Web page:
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Our results that higher insomnia complaints are associated with preserved cognitive functioning are in contrast to some but not all studies. However, others have found no such relationships Sleep deprivation increases soluble beta-amyloid concentration in the brain; this risk may be higher for those with chronic insomnia 25 , Shorter sleep duration and poorer sleep quality have also been associated with greater beta-amyloid burden in community-dwelling older adults However, others have reported that excessive daytime sleepiness and not nighttime insomnia predicts cognitive decline in those who develop dementia Frequent napping occurs with preclinical cognitive decline.

Changes in the regular patterns of sleep over time, and not increase or decrease in duration, may be associated with poorer cognitive function Furthermore, sleep disordered breathing is associated with AD biomarkers and an increased risk of dementia in the elderly, suggesting a role of hypoxia and not sleep fragmentation as a link between sleep disturbance and incident cognitive decline Our study only evaluated complaints of nocturnal insomnia, and did not assess for chronicity of insomnia complaints, daytime sleepiness, and different etiologies of sleep disturbances or for sleep medication use in our cohort.

Joyce Meyer- Rebellious Wives Who Refuse To Submit

Moreover, while insomnia scores were significantly higher in the preserved cognitive function group than those with cognitive impairment, the severity of insomnia complaints in both groups was below the threshold that signified problematic insomnia A more comprehensive understanding of the bidirectional associations of sleep-wake cycle characteristics with AD neuropathology and cognitive decline may have important therapeutic implications in different stages of preclinical and syndromal dementia states As expected, the predictors of sustained high preserved cognitive function included younger age and greater education 9.

The effects of education further underscore the role of cognitive reserve capacity in maintaining cognitive function even into later years Also, other factors that have been associated with maintenance of preserved cognitive function in prior studies included lack of vascular factors hypertension, diabetes , healthier lifestyle choices lack of smoking, moderate alcohol consumption, and physical exercise , better activities of daily living and social networks.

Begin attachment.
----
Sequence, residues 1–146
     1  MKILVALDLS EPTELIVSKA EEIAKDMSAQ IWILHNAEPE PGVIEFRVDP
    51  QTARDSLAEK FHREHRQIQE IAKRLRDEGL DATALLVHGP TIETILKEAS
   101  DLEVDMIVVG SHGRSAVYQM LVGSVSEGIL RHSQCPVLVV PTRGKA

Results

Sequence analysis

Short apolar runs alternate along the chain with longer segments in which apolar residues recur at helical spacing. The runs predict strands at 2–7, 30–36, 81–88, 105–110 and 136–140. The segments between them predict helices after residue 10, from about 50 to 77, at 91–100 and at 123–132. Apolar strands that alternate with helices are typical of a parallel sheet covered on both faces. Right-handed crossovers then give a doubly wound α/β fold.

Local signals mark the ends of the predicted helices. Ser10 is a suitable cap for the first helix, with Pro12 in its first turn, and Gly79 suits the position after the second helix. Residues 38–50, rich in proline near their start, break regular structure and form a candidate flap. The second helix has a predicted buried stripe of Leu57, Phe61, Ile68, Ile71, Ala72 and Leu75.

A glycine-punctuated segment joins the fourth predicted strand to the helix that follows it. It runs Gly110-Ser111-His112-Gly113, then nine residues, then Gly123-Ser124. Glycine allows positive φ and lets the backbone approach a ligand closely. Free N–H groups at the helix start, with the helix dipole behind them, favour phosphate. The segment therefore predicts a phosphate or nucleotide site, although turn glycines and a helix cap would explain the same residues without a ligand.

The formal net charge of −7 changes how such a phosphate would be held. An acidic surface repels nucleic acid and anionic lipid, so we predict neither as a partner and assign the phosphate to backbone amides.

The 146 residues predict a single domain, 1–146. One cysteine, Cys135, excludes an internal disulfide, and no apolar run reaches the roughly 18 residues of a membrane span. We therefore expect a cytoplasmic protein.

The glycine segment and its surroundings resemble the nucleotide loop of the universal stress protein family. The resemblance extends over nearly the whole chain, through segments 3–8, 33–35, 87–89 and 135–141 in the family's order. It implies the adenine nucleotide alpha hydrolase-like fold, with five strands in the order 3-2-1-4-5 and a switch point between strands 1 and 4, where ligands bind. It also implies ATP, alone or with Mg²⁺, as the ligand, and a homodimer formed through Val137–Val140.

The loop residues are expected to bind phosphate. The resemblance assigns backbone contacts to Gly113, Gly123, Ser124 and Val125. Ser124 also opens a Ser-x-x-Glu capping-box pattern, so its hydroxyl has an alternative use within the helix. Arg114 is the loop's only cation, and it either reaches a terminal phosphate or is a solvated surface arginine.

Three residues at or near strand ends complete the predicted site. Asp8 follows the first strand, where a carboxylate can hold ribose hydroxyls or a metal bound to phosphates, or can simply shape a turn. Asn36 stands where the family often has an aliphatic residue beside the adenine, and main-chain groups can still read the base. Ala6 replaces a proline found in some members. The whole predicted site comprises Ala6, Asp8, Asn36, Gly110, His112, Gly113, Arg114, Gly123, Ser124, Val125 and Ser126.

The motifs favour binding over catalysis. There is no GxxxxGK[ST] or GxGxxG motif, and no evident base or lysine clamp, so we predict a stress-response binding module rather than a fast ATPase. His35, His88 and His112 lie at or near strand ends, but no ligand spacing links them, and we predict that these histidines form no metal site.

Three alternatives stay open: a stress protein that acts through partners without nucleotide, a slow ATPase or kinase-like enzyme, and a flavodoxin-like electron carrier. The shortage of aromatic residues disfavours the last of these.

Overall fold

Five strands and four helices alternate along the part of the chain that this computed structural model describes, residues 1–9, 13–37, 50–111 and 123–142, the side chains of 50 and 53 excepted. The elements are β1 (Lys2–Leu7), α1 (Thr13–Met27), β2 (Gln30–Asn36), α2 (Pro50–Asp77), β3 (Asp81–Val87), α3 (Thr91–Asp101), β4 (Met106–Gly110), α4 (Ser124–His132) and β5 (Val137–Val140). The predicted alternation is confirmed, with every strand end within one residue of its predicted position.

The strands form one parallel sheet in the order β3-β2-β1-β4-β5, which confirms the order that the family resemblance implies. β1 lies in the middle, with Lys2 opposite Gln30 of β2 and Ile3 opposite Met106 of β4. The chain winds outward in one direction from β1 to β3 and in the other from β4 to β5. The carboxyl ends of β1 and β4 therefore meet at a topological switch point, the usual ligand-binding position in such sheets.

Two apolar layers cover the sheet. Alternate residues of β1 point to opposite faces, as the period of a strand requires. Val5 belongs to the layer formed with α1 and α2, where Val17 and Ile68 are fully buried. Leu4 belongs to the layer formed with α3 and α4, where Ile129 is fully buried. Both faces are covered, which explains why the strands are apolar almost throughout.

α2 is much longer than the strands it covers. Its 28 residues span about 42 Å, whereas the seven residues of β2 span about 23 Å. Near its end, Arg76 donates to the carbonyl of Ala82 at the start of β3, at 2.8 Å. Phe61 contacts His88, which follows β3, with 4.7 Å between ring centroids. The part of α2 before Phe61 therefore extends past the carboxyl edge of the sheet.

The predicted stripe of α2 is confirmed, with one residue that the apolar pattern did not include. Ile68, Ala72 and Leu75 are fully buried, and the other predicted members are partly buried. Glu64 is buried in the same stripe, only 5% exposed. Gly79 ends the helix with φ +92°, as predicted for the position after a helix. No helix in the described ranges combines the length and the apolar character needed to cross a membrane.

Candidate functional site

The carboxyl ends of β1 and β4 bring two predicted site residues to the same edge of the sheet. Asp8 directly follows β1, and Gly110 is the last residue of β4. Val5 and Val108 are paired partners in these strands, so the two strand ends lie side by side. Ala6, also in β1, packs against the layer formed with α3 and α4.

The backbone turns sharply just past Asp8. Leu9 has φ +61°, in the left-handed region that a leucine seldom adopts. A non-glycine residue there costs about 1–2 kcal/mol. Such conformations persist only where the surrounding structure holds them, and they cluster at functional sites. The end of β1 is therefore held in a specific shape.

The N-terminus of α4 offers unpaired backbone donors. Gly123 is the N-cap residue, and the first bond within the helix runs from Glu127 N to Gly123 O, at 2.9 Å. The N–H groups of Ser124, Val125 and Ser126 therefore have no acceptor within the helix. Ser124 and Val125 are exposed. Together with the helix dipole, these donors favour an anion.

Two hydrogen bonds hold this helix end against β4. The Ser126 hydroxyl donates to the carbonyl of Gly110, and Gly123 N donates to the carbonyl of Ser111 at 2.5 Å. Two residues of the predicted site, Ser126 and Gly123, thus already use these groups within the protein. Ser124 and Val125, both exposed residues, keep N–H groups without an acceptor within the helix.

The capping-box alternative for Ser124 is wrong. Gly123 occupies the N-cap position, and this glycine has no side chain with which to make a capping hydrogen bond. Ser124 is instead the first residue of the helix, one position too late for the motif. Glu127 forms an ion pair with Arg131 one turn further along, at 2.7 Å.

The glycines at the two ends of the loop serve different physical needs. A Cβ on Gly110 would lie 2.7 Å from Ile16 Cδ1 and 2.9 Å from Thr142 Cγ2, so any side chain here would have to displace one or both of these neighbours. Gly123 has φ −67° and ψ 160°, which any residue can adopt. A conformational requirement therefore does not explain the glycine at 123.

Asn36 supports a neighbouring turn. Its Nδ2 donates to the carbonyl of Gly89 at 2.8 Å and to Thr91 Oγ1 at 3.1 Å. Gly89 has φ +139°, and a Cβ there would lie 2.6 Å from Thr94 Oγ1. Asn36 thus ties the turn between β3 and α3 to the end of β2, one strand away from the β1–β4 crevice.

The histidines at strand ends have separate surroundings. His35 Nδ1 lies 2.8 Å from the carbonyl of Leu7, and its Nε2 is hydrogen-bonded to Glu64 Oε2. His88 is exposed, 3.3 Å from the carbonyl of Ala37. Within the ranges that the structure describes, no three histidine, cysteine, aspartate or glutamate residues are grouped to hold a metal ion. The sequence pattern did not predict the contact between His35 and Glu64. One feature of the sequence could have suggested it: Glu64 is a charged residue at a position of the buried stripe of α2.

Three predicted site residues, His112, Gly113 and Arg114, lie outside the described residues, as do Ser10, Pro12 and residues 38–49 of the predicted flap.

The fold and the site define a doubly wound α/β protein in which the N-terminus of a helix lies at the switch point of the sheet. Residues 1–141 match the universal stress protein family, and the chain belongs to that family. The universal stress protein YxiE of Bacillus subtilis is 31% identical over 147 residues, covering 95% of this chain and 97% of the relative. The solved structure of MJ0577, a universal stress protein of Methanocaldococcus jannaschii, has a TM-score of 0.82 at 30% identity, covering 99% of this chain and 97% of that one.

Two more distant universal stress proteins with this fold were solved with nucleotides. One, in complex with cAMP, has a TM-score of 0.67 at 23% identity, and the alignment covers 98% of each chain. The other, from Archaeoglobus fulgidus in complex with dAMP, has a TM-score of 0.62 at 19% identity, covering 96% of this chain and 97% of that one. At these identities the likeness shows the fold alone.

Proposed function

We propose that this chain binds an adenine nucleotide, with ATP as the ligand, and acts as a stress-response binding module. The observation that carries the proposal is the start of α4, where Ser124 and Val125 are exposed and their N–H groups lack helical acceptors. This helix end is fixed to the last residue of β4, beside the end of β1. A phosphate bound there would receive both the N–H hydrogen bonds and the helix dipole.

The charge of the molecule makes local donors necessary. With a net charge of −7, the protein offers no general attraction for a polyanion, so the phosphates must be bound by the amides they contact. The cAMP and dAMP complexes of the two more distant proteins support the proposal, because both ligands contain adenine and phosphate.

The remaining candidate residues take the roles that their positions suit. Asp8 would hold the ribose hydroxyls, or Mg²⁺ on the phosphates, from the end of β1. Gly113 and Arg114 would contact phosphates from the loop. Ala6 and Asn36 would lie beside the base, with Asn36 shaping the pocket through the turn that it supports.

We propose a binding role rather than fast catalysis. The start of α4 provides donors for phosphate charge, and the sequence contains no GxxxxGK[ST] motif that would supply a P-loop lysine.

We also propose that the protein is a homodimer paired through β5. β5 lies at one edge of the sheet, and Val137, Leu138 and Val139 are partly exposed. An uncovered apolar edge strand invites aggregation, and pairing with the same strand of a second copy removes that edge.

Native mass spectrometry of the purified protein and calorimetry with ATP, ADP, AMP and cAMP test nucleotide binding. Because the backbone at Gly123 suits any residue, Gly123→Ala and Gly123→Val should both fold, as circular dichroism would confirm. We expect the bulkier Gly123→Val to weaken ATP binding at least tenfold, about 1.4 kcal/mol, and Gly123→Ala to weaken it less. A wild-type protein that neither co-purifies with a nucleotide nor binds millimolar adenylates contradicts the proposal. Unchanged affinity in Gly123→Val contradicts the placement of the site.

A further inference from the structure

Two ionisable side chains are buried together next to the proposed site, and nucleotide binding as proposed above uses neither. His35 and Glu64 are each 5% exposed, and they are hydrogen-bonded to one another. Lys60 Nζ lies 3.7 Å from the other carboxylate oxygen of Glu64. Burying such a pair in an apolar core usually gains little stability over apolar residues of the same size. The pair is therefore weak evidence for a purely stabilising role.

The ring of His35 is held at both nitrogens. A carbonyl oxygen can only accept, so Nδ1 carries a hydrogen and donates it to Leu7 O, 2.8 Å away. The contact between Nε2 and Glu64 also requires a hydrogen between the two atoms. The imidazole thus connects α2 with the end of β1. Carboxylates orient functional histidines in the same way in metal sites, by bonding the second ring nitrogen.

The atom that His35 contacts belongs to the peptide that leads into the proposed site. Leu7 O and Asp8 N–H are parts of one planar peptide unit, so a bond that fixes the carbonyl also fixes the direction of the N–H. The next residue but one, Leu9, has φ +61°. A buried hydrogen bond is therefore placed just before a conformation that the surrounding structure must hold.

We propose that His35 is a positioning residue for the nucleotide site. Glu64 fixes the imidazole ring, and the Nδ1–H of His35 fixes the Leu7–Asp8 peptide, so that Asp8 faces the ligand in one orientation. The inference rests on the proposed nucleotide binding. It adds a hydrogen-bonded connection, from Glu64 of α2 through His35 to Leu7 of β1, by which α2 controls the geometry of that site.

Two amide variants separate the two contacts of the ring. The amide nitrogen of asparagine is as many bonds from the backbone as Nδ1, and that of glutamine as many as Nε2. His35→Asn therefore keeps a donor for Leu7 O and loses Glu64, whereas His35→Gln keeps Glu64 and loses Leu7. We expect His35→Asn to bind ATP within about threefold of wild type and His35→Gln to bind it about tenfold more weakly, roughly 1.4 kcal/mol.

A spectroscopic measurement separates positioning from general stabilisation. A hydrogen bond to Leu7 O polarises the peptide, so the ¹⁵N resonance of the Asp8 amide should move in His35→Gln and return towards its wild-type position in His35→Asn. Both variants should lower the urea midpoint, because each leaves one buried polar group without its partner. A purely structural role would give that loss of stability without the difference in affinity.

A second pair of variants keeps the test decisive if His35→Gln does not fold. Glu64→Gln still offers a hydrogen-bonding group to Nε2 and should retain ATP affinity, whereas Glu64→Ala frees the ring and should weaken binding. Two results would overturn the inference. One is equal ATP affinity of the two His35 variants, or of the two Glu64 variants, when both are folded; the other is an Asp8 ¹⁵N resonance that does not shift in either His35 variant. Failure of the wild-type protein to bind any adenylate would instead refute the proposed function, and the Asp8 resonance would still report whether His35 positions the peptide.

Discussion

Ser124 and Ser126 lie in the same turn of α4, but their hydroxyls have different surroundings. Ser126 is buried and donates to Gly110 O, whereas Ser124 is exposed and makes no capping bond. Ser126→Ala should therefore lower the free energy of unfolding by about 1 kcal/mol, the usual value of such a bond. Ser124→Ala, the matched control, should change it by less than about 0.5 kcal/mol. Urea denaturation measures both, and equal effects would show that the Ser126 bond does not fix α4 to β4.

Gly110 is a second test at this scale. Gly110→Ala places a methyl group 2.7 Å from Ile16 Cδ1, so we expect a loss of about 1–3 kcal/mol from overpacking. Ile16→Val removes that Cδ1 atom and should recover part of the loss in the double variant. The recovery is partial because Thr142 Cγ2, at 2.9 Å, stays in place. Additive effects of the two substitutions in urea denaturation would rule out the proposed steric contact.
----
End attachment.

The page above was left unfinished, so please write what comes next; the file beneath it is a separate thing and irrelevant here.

Discrepancies between our findings and prior studies are most likely due to the differences among studies in the age distributions, duration of follow-up, definition of cognitive groups, and assessment methods. The previous study also did not formally assess for MCI or probable dementia and therefore may have included those with cognitive impairment. The major component that was consistently used in defining successful aging in earlier studies was physical functioning and disability, with self-reported general health and emotional variables included less often However, a greater emphasis is placed on factors associated with health-related quality of life including physical and emotional functioning and less on disability, diseases and demographic characteristics when older adults are asked for their own definitions of successful aging 34 , Maintainers of cognitive function also have lower mortality and incident disability than minor and major decliners among older adults, supporting the view that maintenance of preserved cognitive function is an important component in defining successful aging.

In a previous study that included women aged 65 years and older from the WHI cohort, physical-social functioning and emotional functioning that included self-reported general health and emotional wellbeing measures constituted factors that strongly predicted outcomes related to positive aging phenotype Several demographic, psychosocial, health- and lifestyle-related factors were found to influence distinct trajectories of change in the physical-social and emotional functioning dimensions over time, further suggesting the multidimensional nature of successful aging It is interesting that better emotional wellbeing and lower depressive symptom severity independently predicted better cognition, suggesting that wellbeing captures an important aspect of health that is independent of depression.